Why Botswana Prospered

Why Botswana Prospered

Copyright Date: 2005
Pages: 168
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  • Book Info
    Why Botswana Prospered
    Book Description:

    Leith shows that while other African nations with resources failed to develop economically Botswana prospered because economic interests, working within a democratic political system anchored in tradition, tempered by leadership, and shaped by evolution of effective institutions, promoted growth.

    eISBN: 978-0-7735-7241-6
    Subjects: Business

Table of Contents

  1. Front Matter
    (pp. i-iv)
  2. Table of Contents
    (pp. v-vi)
  3. Preface
    (pp. vii-viii)
  4. Introduction
    (pp. ix-2)

    Botswana is an African country with a small population. On both counts, the odds are low that it would persistently dominate the list of the world's fast-growing countries. Yet, for over three decades, Botswana's growth rate of gross domestic product (GDP) per capita outpaced that of the so-called Asian tigers. Other indicators, such as primary school enrolment and accumulation of foreign exchange reserves, also point to a development success story.

    Why did per capita GDP grow so rapidly? Was this the result of luck or was it attributable to growth-promoting policies? On balance, I conclude that it was due to...

  5. 1 Economic and Political Record
    (pp. 3-40)

    The headline numbers are striking: Botswana's real growth of GDP per capita, averaged over three and one-half decades, is the fastest in the world. But is the breadth and depth of the record of Botswana's economic, political, and social development equally striking? The record requires documentation. To provide an overall balanced picture, in Section 1 I offer a review of the economic record to date. It will become clear that not all indicators are equally bright. This leads me to offer a preliminary answer to the first question: is the Botswana record really exceptional? Despite a few negative dimensions, the...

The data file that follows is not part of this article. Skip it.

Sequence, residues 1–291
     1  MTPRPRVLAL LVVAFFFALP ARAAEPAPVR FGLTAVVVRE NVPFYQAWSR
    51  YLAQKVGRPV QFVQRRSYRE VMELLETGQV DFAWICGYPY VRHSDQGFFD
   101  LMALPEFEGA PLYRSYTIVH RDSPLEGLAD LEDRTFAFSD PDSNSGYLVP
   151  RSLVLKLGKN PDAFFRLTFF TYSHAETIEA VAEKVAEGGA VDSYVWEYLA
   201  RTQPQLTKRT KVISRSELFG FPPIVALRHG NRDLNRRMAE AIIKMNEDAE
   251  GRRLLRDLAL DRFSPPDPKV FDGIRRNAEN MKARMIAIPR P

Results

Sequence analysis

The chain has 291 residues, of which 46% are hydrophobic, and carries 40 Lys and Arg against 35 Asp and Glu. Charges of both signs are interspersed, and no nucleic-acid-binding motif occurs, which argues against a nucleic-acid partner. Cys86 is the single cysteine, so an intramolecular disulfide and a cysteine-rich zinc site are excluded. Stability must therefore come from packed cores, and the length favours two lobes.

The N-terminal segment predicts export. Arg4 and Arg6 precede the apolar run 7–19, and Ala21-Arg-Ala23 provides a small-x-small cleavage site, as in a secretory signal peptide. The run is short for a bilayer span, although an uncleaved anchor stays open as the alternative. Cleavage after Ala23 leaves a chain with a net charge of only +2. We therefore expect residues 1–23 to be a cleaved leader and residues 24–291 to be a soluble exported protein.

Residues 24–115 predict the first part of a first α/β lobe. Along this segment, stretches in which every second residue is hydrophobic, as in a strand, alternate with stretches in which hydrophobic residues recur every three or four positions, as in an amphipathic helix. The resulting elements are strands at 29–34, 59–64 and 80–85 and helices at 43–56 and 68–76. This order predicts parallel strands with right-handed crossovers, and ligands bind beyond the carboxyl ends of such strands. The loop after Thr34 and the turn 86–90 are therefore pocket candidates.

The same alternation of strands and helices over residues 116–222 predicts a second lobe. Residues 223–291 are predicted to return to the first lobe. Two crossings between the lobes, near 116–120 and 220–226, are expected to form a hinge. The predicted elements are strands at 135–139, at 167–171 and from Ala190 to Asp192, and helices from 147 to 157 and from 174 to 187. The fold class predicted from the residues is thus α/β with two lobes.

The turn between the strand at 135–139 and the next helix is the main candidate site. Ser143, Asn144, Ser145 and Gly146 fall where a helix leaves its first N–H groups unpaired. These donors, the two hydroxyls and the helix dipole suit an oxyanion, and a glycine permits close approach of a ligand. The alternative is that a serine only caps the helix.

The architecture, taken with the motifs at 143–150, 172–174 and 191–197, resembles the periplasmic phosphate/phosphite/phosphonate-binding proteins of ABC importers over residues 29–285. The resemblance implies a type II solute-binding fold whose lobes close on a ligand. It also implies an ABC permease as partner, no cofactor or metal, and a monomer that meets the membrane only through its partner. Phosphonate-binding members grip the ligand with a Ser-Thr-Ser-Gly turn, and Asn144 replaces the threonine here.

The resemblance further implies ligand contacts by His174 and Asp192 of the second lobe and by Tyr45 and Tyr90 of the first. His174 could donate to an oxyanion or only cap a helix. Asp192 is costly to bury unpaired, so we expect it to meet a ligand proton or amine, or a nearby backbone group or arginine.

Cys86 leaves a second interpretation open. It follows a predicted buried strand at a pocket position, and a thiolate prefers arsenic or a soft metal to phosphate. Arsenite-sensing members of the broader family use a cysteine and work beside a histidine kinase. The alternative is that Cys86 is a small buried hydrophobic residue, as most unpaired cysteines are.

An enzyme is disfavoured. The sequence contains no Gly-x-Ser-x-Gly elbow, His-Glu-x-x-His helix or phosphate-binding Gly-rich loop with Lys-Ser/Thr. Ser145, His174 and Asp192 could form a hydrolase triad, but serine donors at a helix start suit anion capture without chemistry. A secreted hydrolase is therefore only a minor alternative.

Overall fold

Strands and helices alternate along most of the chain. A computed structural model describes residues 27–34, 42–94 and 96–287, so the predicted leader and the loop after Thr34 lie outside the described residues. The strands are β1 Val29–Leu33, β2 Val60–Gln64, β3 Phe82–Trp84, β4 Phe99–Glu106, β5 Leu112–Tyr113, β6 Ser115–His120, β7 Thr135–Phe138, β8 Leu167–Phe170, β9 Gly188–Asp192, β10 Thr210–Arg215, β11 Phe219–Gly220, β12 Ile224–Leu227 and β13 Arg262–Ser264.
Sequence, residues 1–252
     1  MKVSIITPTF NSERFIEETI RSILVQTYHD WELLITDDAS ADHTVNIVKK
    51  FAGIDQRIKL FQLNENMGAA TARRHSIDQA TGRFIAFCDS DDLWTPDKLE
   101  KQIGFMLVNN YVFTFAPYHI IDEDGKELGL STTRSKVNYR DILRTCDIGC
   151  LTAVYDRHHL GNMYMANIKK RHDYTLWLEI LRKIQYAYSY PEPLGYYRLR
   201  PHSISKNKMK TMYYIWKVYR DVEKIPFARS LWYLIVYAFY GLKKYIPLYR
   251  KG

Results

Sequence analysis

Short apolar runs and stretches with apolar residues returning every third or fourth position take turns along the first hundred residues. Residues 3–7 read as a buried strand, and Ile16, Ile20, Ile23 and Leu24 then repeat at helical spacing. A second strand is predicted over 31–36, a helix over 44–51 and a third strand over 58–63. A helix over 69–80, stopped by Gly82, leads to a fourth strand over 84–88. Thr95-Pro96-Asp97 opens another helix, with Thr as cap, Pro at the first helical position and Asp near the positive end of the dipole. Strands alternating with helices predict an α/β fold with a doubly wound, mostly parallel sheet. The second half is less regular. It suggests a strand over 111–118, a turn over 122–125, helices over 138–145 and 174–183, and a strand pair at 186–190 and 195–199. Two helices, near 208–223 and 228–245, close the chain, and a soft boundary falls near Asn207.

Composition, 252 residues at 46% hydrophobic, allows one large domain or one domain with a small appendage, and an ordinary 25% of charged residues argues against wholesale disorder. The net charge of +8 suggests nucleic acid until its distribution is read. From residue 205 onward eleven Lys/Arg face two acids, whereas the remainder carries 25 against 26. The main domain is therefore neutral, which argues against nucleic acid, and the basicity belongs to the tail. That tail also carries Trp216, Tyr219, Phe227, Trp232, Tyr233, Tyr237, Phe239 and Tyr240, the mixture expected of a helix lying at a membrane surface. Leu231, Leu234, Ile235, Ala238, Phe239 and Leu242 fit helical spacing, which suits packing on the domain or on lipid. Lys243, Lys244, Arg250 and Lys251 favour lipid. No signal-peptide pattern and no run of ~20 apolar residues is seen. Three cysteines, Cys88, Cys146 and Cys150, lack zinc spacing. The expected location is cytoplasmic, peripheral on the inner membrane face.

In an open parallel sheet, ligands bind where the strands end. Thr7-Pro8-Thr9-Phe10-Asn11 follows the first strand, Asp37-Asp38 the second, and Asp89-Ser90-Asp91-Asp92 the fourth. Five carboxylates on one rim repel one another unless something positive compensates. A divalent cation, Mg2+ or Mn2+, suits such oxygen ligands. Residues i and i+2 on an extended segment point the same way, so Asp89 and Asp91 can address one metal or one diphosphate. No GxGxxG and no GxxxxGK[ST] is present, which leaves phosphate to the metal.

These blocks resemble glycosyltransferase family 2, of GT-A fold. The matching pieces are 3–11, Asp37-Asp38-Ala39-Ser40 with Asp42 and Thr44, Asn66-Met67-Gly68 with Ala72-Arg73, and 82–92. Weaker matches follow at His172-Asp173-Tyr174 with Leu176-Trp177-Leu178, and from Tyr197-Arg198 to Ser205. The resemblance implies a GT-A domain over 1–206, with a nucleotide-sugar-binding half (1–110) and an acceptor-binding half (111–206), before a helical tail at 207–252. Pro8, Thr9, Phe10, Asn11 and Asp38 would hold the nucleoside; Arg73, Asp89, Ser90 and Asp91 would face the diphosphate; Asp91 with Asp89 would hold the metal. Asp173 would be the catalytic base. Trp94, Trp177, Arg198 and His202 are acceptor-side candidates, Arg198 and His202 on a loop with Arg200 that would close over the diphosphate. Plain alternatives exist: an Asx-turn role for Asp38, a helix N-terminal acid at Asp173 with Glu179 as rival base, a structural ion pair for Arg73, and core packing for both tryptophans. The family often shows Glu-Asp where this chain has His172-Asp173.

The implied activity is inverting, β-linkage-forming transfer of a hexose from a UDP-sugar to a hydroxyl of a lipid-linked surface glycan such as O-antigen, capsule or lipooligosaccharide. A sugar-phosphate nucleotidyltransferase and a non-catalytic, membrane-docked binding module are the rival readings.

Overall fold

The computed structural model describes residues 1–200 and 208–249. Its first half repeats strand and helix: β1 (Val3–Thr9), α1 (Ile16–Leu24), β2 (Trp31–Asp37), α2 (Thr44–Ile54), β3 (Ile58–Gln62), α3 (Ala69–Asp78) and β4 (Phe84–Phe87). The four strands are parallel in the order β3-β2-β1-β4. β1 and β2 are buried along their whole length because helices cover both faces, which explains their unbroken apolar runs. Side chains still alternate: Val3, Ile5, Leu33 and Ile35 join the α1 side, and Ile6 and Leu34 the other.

6. 2 Growth and Democracy: The Issues
    (pp. 41-53)

    Given the evolution of Botswana's political system from tribal chieftancies to an independent democratic republic, and given its strong economic performance since Independence, the obvious question arises: is there a relationship between Botswana's growth and its democracy? If so, then does the relationship move from democracy to growth or from growth to democracy? Or is it a simultaneous relationship, with each affecting the other?

    To explore this nexus of issues, I first offer a brief review of the fundamentals underlying growth. Second, as economic policy choices are affected by the interaction between economic interests and the political system, I review...

  7. 3 Evolution of Policies, Politics, and Institutions, 1966-2000
    (pp. 54-101)

    The advent of Independence in 1966 did not halt the evolution of Botswana's politics and institutions; rather, with the Constitution having set the “rules of the game,” the political contest and the institutional arrangements defining and constraining government now worked within a new framework, albeit one that was in keeping with Tswana traditions. The policy thrust and, in turn, economic growth were clearly influenced by the new environment. In this chapter I begin by looking at the baseline of interests at Independence and then turn to a review of key elements in the post-independence evolution of institutions, policies, and politics....

  8. 4 Interpreting the Evidence
    (pp. 102-122)

    We know that Botswana's growth record of more than three decades is exceptional. A number of countries have achieved rapid economic growth for a decade or two, but few have been able to sustain it for as long as Botswana. What is even more exceptional is the fact that the initiating source of its growth was mineral wealth, and we know that still fewer countries have been able to transform mineral wealth into sustained economic growth.

    Botswana's growth was accompanied by the transformation of a fledgling postcolonial polity into an ongoing democracy. Again, this is exceptional, particularly in Africa, where...

  9. APPENDIX: Total Factor Productivity Calculations
    (pp. 123-124)
  10. Notes
    (pp. 125-140)
  11. References
    (pp. 141-150)
  12. Index
    (pp. 151-156)